“Come now, Allan.  What is so special about today that I cannot make my rounds with the villainy of London?”

            “No visitors in the dungeon today,” repeated Allan.

            Knowing well what Allan’s weakness was, I produced a sweet roll from my belt pouch and offered it to the massive jailer.  “I even brought you one of Philip Stanley’s famous sweet rolls, Allan.  How about letting me through?  I promise I won’t do any harm.”

            Allan stared longingly at the proffered treat and he smiled, looking up at me and taking the pastry.  “Only because I like you, milord” he replied, taking a monstrous bite from the roll.  He pulled a large ring of keys from his belt and the dungeon door’s tumblers clicked audibly with a twist of Allan’s wrist.  “Don’t be too terribly long,” he requested, a hint of worry in his deep voice, “I don’t want to be getting into trouble now.”

            “Fear not, my friend, I’ll make sure no trouble finds you,” I said soothingly, taking a step into the dimly lit dungeon.  I removed a torch from a wall sconce and heard the clicking of the jailer’s keys, locking the door behind me, echo off the cold, stone walls.

            The air was damp and cool, but it reeked of mildew, urine, and feces.  My footsteps muted quietly under the crunch of straw and the slick stone walls were patched in moss.  My nose wrinkled at the foul odors and I considered for a moment why I came here so often.  I absent-mindedly reached into my pack and removed a leather-bound book, opened it to a page that had its corner folded, and stared at the last words scrawled on it, ‘This is the story of Henry Beauclerk.”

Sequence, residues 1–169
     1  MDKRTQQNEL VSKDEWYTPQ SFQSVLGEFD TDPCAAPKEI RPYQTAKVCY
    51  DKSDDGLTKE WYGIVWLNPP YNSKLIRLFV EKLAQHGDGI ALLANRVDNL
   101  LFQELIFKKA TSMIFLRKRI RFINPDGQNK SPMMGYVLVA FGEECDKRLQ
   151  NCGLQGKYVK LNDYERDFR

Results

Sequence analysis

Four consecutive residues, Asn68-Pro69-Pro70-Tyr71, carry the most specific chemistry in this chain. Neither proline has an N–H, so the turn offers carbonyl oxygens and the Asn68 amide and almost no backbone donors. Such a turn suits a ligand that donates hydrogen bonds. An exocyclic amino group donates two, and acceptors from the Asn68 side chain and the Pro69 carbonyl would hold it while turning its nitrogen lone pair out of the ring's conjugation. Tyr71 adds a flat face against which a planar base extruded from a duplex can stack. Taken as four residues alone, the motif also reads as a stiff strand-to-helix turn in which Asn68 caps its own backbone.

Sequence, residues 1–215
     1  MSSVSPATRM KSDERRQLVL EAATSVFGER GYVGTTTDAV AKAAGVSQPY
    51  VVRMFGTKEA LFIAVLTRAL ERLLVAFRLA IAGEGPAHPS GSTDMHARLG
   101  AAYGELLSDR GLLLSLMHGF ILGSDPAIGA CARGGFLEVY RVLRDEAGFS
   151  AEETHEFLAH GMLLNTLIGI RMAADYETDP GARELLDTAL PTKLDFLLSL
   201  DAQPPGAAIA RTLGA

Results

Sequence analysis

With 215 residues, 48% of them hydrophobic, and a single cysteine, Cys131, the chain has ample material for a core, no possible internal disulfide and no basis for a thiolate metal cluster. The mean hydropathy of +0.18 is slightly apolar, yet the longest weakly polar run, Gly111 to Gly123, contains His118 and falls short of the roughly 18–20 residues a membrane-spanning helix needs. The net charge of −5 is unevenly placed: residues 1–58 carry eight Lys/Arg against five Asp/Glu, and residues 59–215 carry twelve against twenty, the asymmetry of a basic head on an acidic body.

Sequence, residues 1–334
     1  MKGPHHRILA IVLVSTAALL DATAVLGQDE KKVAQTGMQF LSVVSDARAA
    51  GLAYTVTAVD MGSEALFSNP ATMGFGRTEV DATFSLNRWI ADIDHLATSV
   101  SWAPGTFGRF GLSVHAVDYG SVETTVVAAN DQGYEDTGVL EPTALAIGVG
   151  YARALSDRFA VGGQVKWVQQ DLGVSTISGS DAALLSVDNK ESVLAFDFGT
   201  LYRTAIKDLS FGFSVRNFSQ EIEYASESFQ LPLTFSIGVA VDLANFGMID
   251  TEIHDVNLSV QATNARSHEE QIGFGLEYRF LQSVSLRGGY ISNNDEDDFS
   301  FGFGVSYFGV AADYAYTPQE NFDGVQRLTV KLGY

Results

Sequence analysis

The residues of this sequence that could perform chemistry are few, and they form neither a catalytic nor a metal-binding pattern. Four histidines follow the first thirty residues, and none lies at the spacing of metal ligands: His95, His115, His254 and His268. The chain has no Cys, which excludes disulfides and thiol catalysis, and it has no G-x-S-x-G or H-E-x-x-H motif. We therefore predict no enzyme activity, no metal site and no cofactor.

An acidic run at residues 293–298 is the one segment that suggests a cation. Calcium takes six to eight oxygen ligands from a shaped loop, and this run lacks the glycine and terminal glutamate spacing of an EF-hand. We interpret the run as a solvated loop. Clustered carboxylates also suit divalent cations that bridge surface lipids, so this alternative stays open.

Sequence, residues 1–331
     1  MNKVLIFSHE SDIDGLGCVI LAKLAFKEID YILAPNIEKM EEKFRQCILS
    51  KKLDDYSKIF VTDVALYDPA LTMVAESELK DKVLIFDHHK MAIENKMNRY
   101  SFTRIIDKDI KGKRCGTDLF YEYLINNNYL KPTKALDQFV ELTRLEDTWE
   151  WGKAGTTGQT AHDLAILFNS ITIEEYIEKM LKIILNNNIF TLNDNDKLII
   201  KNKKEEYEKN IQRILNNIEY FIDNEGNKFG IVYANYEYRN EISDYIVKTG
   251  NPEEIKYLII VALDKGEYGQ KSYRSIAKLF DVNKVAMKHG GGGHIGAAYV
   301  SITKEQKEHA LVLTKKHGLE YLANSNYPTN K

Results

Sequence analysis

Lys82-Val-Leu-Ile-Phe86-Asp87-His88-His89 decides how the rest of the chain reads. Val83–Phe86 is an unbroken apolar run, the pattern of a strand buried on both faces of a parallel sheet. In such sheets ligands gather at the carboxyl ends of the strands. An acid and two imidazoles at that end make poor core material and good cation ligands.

I shook my head in disappointment.  I came to London over eight months ago and had written almost nothing about the life of Henry.  I needed inspiration.  I needed to find my muse.  I closed the book and returned it to its resting place in my pack.

            Surprisingly, the majority of the dungeon cells were empty.  Normally they teemed with low-lives more than willing to share their tales of injustice and false accusation.  Many of the stories were blatant lies and most of them were not even noteworthy.  A few of the cells carried local vagrants and thieves, many of whom I recognized from previous visits.

            I discovered on my many trips down here over the past months that the jailers tended to fill the cells closest to the door first.  I assume it made feeding the prisoners easier for the guards.  In fact, the dungeon was large enough that I had never seen the rear cells occupied, until now.

            The cell at the far end of the prison had a solitary man in it, sitting silently in the corner.  I slowly approached the isolated cell, curious as to why this criminal had been separated from the general populace.

            He looked up at me as I neared and I froze upon seeing his face in the light of my torch.  Struggling to find my voice, I stuttered, “S-sir Talbart?”

            He smiled at the sound of my voice.  Clearing his throat softly, he replied, “James Alexander, how thoughtful of you to come visit me in this horrid place.”

            Still shocked to see a knight confined in the Tower’s dungeon, I stammered, “Wh-what are you doing here?”

            “The answer to that is simple really,” he said, still smiling, “I killed the king.”

The End